This week’s guest post is from off-beat traveler Neala Schwartzberg.
Many cities are graced with surfaces perfect for art. Sadly, few realize that those big blank walls are a canvas that can transform a building from something bland and soulless into something colorful, vibrant, even informative. But some cities have actively embraced the idea of walls-as-canvas and created unusual art in public spaces.
This small New Mexico town, just west of the border along I-40, is not only a stop along the fabled Route 66 it is also a destination of choice for those who love wall art. It boasts almost a dozen murals celebrating the history and culture of the city, often with a touch of whimsy.
These creative works of Sharon and Doug Quarles, adorn the sides of the town’s buildings turning brick into canvas. Their The Legendary Road is the largest mural on Route 66 dedicated to Route 66. It measures an impressive 14 ft. by 114 ft. Pick up a map of the murals at the visitors center or download the map. Then, visit Tucumcari and decide which your favorite is.
Since 2002, the city of Cuba Missouri has been officially known as Route 66 Mural City by act of the Missouri legislature. The goal was to have 12 outdoor murals on public buildings by 2007, the 150th anniversary of the city. And they did it. The murals depict universal themes from the city’s history. In homage to Route 66, there are also three panels on the side of one of the historic Phillips Petroleum Gas Stations.
A personal favorite is the one called Prosperity Corner, by the Hayes Shoe Store. It was started in July, 2003 by artist Kelly Poling from Chillicothe, Missouri. The murals depict the town’s history and heritage, and Prosperity Corner is no exception.
In the 1900s, Prosperity Corner drew citizens to meet, do business, and chat in front of what was then H.H. Tieman’s General Merchandise Store. Today, Hayes Shoe Store stands at that site. I stood with it, and it has become one of my bio photos.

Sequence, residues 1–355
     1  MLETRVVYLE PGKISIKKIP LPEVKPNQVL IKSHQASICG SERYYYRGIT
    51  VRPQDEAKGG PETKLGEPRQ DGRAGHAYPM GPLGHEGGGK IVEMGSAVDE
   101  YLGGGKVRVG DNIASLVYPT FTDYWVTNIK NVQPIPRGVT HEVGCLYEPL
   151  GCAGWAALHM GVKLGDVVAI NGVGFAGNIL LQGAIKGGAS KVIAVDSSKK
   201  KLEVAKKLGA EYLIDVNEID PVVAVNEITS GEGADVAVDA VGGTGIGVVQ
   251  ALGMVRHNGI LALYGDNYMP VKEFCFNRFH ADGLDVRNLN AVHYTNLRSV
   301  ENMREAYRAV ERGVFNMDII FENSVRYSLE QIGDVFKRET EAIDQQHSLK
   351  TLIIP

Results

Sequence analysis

The city of Chillicothe, Missouri must have liked the project quite a bit – they now also have a mural program.
The most extensive and gorgeous mural program in the country has been flourishing for years in the City of Brotherly Love. With over 3000 murals, it is the nation’s largest mural program, and so extensive that you can spend days appreciating the artistry and history.
Started in 1984, it is now part of Philadelphia’s public landscape and a source of inspiration and pride to thousands of residents, and wonder to visitors. It has also earned Philadelphia international recognition as City of Murals.
The largest mural, Moving Toward Your Dreams, by Donald Gensler, measures 27,000 square feet and is adjacent to Lincoln Financial Field, home of the Philadelphia Eagles. The most unusual site for a mural is on the side of an industrial-sized gas tank at the Sunoco refinery. It’s called Philadelphia on a Half Tank by Paul Santoleri.
Given the number of murals and the size of the city, a sensible approach would be to take one of the tours. But as you stroll, enjoying the attractions of Philadelphia, keep your eyes open. I guarantee you’ll find wall art scattered around the city like flowers in a garden.
Neala Schwartzberg is a freelance writer, and the editor of Offbeat Travel Her passion? Anything just a little (or more than a little) off center; especially if it has overtones of art, culture, or history. You can follow her on Twitter.
Do you have favorite wall scenes from around the US or even the world that you want to share with us? We’d love to know. Maybe you can become a guest blogger for Santa Fe Travelers.